Successfully using your leg prosthesis is a confidence game. Very often a fall or misadventure when learning to use your leg prosthesis will greatly and adversely affect your ability to “trust” your prosthesis and learn to incorporate it’s use with confidence in your daily life.
Whenever I lecture to physiotherapists who train amputees in the use of their leg prosthesis, I stress the importance of avoiding an “unsuccessful experience.” To do this, it is essential for the therapist and amputee to heed some basic laws of physics and plain old common sense. A common scenario would be in learning to go down stairs, especially in the case of an above knee amputee.
Here’s what to do if you have a * mechanical knee that WILL NOT support your body weight when it is bent:
- Start your practice on the lowest step
- To come down stairs safely, the leg prosthesis must always come down first. It should be placed in the middle of the step below you
- Aim to keep your body erect, firmly push back with your stump to help keep your prosthetic knee straight. Bring your unaffected leg down to the same step as your leg prosthesis.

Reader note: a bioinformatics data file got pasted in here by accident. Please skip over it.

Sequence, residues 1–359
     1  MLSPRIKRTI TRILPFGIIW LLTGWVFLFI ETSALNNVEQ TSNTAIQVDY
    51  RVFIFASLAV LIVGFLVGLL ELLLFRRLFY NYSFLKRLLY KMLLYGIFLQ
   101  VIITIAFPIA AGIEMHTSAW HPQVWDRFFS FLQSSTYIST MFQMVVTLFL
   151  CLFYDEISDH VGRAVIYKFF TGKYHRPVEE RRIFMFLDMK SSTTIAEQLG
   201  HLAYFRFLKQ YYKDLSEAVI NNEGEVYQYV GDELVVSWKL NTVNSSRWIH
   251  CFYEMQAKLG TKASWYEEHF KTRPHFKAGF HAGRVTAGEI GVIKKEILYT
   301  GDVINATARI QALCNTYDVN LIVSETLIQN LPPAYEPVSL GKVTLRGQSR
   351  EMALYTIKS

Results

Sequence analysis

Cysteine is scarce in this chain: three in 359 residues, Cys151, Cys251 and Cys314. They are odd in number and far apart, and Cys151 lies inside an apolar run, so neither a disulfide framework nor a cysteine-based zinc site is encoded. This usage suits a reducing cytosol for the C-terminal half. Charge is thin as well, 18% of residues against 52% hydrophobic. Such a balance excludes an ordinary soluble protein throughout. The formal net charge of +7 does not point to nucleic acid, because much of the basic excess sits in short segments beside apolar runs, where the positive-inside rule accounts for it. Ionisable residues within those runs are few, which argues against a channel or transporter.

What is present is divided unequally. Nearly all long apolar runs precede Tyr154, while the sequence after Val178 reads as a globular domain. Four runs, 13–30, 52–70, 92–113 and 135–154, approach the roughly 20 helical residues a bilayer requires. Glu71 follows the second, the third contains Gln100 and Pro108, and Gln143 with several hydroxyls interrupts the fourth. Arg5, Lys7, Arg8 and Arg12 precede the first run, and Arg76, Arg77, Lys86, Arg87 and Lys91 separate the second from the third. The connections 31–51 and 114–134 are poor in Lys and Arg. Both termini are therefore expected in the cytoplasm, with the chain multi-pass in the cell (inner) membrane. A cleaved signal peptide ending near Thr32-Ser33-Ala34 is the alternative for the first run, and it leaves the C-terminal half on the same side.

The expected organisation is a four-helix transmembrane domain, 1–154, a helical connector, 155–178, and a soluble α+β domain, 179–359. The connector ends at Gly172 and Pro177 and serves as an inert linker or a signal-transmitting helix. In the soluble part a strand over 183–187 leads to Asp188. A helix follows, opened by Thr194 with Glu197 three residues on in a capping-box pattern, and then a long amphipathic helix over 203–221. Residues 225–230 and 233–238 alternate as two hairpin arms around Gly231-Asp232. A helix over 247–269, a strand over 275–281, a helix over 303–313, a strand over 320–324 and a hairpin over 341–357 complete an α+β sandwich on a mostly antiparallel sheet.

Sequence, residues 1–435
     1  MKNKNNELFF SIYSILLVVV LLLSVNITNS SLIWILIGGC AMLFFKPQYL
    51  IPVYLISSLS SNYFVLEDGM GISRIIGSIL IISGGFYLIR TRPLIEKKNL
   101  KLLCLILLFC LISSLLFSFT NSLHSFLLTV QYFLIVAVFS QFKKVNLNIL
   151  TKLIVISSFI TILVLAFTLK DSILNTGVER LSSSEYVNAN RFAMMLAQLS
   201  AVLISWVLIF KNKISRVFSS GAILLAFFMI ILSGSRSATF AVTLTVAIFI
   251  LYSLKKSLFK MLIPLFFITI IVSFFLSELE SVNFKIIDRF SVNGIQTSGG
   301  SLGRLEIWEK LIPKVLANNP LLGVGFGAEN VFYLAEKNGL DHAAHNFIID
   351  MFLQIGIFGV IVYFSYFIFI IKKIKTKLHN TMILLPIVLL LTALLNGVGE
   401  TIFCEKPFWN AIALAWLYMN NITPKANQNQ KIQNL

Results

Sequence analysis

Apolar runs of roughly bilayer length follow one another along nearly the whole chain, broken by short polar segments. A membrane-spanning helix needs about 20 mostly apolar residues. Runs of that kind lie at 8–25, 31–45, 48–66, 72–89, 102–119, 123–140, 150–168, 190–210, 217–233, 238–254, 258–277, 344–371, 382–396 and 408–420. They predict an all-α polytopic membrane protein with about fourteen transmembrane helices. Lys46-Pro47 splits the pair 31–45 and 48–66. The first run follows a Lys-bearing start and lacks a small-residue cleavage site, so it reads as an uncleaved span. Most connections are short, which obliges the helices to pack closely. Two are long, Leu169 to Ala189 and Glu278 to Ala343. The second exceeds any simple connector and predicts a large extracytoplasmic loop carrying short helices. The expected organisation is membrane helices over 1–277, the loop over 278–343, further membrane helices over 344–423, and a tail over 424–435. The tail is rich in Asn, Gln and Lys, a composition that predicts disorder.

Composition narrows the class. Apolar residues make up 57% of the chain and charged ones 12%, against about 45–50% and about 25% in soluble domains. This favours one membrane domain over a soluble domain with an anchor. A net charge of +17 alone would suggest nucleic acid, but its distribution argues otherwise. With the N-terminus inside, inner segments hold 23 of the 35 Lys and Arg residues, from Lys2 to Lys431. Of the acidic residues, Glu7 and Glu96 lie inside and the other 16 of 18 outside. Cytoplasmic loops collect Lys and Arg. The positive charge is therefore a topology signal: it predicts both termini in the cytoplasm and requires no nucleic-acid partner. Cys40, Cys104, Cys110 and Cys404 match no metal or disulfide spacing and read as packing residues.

By doing it this way, the safety of your prosthetic knee will not be compromised. Common sense recommends practicing this on the lowest step first. It’s safer and you don’t have to deal with the psychology of starting to learn from any great height.
Here’s what to do if you have a * microprocessor knee joint or one that WILL support your body weight when it is bent:
1. Seek out training with a physiotherapist/physical therapist that is experienced in training an amputee with this type of knee joint
2. Start your practice on the lowest step
3. Two thirds of your prosthetic foot should be placed over the edge of the step
4. As you put your weight onto the leg prosthesis, your microprocessor knee will bend under your body weight. This will allow you time to place your intact leg on the step below. You must put your weight on the prosthetic leg as soon as it starts to bend because the amount of resistance to knee bending is at its greatest in the first few degrees.
5. This method of descent needs a lot of training and practice but the results are great and make it worthwhile.
From mastering stairs, you will then be able to learn to safely go up and down a large flight of stairs and walk down slopes. But like anything worthwhile in life, it requires practice, practice and more practice.
* If you are unsure of the type of knee you have, check with your prosthetist first. The most important thing is that you receive the correct prosthetic training in the use of your particular prosthetic componentry.
Until next time … Cathy …. The Amputee Coach
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